from 01/02/2018

Vespawatch target beekeepers, the public and naturalists and uses them as sensors for tracking the progression of invasive Asian hornets (Vespa velutina). The data gathered by citizens are used to inform management and to perform research on the invasion of this insect. Anyone can report opportunistic observations of hornets through the web portal without registration. Data are then synced with iNaturalist and peer validated by the community. After validation, hornet nests are pushed to the management module, to which hornet managers can subscribe. Management actions are reported in the same system. All observations are openly published on the Global Biodiversity Information Facility. Learning outcomes include an increased awareness on invasive species and ecosystem services provided by native pollinating insects as well as a general increased appreciation for the diversity wasps and insects. More specifically, people learn to identify the different species of hornet and wasp in the region. Additionally, the project actively engages participants in citizen science activities such as ivy bvioblitzes which aim to locate hornet nests. A first project report is available at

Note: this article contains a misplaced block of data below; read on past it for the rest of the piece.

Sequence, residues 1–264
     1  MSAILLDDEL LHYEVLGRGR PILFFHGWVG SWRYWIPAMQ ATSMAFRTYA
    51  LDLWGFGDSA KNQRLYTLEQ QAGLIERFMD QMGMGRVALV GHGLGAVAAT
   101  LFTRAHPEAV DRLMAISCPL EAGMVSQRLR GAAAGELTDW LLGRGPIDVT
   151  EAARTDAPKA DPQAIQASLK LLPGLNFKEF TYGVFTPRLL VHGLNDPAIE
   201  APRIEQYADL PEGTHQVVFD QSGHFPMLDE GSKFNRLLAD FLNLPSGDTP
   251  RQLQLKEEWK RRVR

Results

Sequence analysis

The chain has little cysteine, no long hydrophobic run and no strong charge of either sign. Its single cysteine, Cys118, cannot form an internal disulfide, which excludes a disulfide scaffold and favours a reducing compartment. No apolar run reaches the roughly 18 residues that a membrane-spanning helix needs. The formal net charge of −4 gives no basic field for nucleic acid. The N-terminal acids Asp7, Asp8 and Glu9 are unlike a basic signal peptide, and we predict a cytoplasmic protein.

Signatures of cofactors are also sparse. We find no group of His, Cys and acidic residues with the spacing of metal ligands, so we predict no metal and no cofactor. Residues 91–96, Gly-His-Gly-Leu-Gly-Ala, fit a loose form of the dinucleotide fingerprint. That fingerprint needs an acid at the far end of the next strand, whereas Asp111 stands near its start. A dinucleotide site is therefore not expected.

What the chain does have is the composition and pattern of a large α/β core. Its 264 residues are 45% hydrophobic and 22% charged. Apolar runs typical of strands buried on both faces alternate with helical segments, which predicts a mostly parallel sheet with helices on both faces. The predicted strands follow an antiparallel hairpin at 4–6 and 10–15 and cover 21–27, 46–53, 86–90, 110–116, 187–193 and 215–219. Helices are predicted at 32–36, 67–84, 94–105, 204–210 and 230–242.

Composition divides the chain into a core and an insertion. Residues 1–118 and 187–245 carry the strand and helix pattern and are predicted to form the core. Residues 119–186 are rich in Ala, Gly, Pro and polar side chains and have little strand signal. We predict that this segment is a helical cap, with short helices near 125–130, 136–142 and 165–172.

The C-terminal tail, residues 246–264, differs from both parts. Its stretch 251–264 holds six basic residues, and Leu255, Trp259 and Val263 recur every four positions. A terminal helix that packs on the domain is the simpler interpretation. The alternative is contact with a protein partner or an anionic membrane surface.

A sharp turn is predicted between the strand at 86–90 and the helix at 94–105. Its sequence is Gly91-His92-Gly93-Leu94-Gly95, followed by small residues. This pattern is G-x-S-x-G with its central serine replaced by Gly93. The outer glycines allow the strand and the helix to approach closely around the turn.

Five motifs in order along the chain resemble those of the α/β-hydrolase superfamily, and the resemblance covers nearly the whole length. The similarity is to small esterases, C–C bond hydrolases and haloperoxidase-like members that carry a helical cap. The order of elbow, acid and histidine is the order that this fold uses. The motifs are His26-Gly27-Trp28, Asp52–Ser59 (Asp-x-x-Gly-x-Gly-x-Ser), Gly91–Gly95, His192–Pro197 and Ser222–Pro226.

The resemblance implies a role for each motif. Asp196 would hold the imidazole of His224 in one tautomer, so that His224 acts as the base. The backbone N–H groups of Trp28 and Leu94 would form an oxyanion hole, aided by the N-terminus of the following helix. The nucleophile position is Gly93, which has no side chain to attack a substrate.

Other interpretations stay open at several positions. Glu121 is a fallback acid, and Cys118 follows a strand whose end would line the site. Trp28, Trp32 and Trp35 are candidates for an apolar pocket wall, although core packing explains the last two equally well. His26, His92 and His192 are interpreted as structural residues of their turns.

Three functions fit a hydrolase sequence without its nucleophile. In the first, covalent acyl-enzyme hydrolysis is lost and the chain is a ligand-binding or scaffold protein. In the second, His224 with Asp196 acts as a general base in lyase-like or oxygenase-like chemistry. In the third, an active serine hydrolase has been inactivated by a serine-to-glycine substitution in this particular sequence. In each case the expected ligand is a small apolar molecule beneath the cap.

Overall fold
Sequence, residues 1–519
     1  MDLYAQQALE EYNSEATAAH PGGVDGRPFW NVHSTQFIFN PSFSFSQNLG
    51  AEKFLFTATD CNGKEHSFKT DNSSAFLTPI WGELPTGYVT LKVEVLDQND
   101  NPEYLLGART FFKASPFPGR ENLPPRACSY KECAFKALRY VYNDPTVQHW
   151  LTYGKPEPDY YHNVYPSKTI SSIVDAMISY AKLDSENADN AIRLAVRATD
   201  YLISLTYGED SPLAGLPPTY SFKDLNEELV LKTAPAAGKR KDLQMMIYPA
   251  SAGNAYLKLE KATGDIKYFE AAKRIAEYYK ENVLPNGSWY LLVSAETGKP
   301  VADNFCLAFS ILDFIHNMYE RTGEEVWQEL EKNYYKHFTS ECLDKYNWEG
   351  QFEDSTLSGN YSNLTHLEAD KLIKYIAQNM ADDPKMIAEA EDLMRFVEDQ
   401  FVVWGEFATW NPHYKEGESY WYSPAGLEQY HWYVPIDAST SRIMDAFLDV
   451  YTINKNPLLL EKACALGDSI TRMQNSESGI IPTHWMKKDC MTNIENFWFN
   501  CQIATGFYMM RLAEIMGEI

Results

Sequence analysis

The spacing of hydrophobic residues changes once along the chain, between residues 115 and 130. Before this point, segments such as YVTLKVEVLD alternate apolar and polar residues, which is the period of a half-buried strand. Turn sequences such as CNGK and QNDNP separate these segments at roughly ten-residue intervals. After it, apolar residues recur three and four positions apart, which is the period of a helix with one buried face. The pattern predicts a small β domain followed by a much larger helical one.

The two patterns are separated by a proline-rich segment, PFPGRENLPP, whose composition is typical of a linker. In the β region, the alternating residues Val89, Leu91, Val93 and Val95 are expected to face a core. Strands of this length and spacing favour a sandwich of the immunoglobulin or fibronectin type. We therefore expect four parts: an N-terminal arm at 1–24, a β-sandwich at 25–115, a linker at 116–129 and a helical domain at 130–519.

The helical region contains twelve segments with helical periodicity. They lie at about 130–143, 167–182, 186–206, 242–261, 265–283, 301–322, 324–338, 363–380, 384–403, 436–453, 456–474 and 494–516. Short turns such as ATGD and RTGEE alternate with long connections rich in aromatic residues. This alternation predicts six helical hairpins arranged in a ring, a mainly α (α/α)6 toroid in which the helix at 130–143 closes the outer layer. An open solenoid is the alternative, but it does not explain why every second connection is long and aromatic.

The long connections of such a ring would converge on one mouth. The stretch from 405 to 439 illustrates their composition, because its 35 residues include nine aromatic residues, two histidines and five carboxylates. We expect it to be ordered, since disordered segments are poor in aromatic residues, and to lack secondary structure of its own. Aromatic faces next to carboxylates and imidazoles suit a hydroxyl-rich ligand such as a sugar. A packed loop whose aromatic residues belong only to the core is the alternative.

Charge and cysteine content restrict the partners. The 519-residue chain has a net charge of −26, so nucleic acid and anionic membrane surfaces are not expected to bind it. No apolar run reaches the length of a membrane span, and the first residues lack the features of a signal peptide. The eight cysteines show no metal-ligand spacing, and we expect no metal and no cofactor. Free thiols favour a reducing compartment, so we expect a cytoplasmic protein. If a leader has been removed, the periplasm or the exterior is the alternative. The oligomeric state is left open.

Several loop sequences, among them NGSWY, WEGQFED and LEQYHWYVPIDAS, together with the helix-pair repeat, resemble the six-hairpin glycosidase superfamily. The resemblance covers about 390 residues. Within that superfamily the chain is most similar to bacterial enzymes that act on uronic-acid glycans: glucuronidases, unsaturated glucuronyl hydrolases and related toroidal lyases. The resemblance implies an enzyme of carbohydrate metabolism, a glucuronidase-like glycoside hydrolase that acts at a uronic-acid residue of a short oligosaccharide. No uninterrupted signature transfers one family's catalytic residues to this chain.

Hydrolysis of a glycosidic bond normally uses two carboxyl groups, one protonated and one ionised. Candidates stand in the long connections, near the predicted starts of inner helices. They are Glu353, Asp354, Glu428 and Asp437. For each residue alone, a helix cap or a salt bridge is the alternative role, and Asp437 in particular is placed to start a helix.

Vespawatch targets beekeepers and the public for monitoring the invasion of the invasive Asian hornet. The first Asian hornet appeared in Belgium in 2011. Since then the species has expanded rapidly. This wasp comes from China and is a threat to honeybees and native pollinators. It is considered an invasive alien species and must be managed under the EU invasive species Regulation. The population is managed by exterminating nests. Surveillance requires many eyes on the lookout.

Needed equipment

No specific equipment required.

Created Dec. 18, 2020, 5:22 p.m.

Updated Dec. 18, 2020, 5:22 p.m.

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